Rolling on the River: Civil War Brown-Water Navies

Looking north up the Mississippi from Confederate fortifications at Columbus, KY. Barges across the river are docked where the Battle of Belmont, MO, was fought. (Daniel Thurber for Bookworm History)

A blue-coated rider appeared atop the riverbank above the bow of the steamer Belle Memphis. Rebels massed in the cornfield behind him discharged volleys that whistled by the horseman, whanged through the tall smokestacks, and thudded into the vessel’s superstructure. Hundreds of Iowa and Illinois infantry had already slithered down the muddy incline and scrambled aboard to escape numerically superior forces threatening to envelop them. The steamer captain pulled in his mooring lines but delayed starting engines; men on deck dropped a board across the water gap.

The rider—a superb equestrian—recalled: “My horse put his fore feet over the bank without hesitation or urging, and with his hind feet well under him, slid down the bank and trotted aboard the boat, twelve or fifteen feet away, over a single gang plank.” Brigadier General Ulysses S. Grant, the last man over, nimbly dismounted and ascended to the upper deck.[1]

Belle Memphis and the other half dozen troop transports opened their steam valves. Engines rumbled; smoke billowed, and paddlewheels thrashed as they backed off the shore and began pulling upstream carrying Grant and his 3,000 men out of danger. Farther out and a bit downstream, Commander Henry Walke, U. S. Navy, observed from the river gunboat Tyler as she and the gunboat Lexington lobbed broadsides into Confederate lines ashore.

“The enemy’s artillery was seen tumbling over, and his ranks were soon broken,” wrote Walke. “They dispersed in the utmost confusion, or fell on the ground to escape our shot and shell.”[2] Concluded General Grant: “We were very soon out of range and went peacefully on our way to Cairo [Illinois] every man feeling that Belmont was a great victory and that he had contributed his share to it.”[3]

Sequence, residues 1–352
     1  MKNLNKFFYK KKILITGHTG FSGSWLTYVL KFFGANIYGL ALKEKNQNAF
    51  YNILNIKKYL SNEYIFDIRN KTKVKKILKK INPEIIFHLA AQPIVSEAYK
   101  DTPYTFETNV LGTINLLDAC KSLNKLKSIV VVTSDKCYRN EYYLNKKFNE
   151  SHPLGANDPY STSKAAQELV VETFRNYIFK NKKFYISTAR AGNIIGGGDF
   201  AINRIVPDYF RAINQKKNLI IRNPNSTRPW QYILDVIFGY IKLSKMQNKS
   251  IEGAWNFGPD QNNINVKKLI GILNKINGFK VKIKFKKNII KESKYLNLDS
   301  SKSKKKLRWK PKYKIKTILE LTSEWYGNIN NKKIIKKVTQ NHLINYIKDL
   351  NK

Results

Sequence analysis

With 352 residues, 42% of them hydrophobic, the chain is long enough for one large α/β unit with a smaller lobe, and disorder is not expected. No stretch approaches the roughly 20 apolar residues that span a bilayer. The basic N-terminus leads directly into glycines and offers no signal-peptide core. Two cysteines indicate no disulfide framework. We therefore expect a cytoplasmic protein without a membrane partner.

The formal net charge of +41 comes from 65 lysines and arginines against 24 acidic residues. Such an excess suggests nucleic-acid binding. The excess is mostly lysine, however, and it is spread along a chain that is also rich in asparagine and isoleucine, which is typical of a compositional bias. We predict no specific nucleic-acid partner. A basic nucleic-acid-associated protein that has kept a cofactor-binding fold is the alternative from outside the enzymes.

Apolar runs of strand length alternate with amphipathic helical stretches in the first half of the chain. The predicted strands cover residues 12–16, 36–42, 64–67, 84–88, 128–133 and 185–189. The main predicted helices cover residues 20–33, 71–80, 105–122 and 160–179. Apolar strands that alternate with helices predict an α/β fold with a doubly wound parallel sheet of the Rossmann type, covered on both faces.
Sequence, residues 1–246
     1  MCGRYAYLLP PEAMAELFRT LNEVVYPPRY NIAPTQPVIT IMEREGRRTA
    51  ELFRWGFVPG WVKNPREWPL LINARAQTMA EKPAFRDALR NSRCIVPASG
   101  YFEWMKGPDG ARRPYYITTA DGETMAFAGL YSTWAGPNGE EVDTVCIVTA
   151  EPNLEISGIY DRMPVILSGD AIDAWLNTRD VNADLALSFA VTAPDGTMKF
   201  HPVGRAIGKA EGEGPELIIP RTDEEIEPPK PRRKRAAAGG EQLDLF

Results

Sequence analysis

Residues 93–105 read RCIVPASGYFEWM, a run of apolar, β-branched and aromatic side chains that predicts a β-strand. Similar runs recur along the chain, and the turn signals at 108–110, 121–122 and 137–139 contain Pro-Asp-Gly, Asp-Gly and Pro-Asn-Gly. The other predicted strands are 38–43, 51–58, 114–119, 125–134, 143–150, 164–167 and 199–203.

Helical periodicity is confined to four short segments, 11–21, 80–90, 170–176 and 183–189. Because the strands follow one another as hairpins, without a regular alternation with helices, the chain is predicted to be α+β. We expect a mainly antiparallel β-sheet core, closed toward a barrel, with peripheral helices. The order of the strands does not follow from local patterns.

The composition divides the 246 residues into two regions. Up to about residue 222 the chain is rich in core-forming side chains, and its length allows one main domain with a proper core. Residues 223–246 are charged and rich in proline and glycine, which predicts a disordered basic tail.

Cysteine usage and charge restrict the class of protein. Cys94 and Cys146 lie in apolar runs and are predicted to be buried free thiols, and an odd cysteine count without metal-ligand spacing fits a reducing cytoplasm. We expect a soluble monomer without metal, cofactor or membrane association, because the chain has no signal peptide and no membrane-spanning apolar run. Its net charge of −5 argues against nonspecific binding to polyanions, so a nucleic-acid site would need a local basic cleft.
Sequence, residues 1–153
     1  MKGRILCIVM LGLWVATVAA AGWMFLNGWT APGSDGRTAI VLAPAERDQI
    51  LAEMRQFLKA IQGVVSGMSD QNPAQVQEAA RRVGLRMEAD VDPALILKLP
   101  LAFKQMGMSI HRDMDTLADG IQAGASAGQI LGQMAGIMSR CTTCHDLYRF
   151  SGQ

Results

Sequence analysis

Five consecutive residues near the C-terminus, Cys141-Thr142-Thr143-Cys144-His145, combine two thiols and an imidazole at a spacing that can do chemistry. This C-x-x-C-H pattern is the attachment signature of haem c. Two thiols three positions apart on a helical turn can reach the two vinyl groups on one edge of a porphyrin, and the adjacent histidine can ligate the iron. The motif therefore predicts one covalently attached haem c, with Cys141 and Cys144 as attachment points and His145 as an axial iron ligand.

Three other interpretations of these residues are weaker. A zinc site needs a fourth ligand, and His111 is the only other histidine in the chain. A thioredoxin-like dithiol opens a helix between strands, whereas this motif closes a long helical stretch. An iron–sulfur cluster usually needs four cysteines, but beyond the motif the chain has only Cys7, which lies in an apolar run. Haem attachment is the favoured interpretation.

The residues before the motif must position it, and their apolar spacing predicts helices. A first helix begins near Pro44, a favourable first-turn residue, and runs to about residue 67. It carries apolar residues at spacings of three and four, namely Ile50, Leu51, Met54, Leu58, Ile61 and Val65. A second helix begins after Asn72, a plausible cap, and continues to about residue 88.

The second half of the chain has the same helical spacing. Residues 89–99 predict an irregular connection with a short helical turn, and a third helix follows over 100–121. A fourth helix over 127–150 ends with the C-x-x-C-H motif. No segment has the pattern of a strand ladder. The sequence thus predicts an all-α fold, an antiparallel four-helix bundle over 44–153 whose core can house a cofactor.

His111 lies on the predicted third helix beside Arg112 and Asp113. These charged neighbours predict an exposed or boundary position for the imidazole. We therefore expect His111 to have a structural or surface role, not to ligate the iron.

Union transports on the banks of the Tennessee River at Pittsburg Landing. Note wooden gunboat (“timberclad”) USS Tyler on opposite bank. (Naval History & Heritage Command)

Opinions differed as to how great was the victory, but the Battle of Belmont, Missouri, November 7, 1861, on the banks of the Mississippi River was the first major command engagement for the future general in chief. It also was the first significant joint army-navy operation on the rivers. Overseeing his gunboats and troop transports, Commander Walke rapidly delivered Federal forces to where they were not expected, covered their landing, suppressed enemy batteries on the bluffs of Columbus, Kentucky, across the river, obstructed Rebel reinforcements crossing the stream, scattered attacking gray ranks at the river, and neatly extracted Union fighters when the odds turned.

The campaign for the Lower Mississippi and its tributaries—the spine of America—was one of the longest and most challenging of the Civil War encompassing over 1,000 twisting river miles (double what the crow could fly) from Cairo, Illinois, to New Orleans cutting through six states in a massive alluvial flood plain averaging 75 miles wide, the best cotton land in the world. The river’s name derives from the Ojibwa (Chippewa) word Misi-ziibi or the Algonquin term Missi Sepe, usually rendered as “great river” or, more poetically, “father of waters.”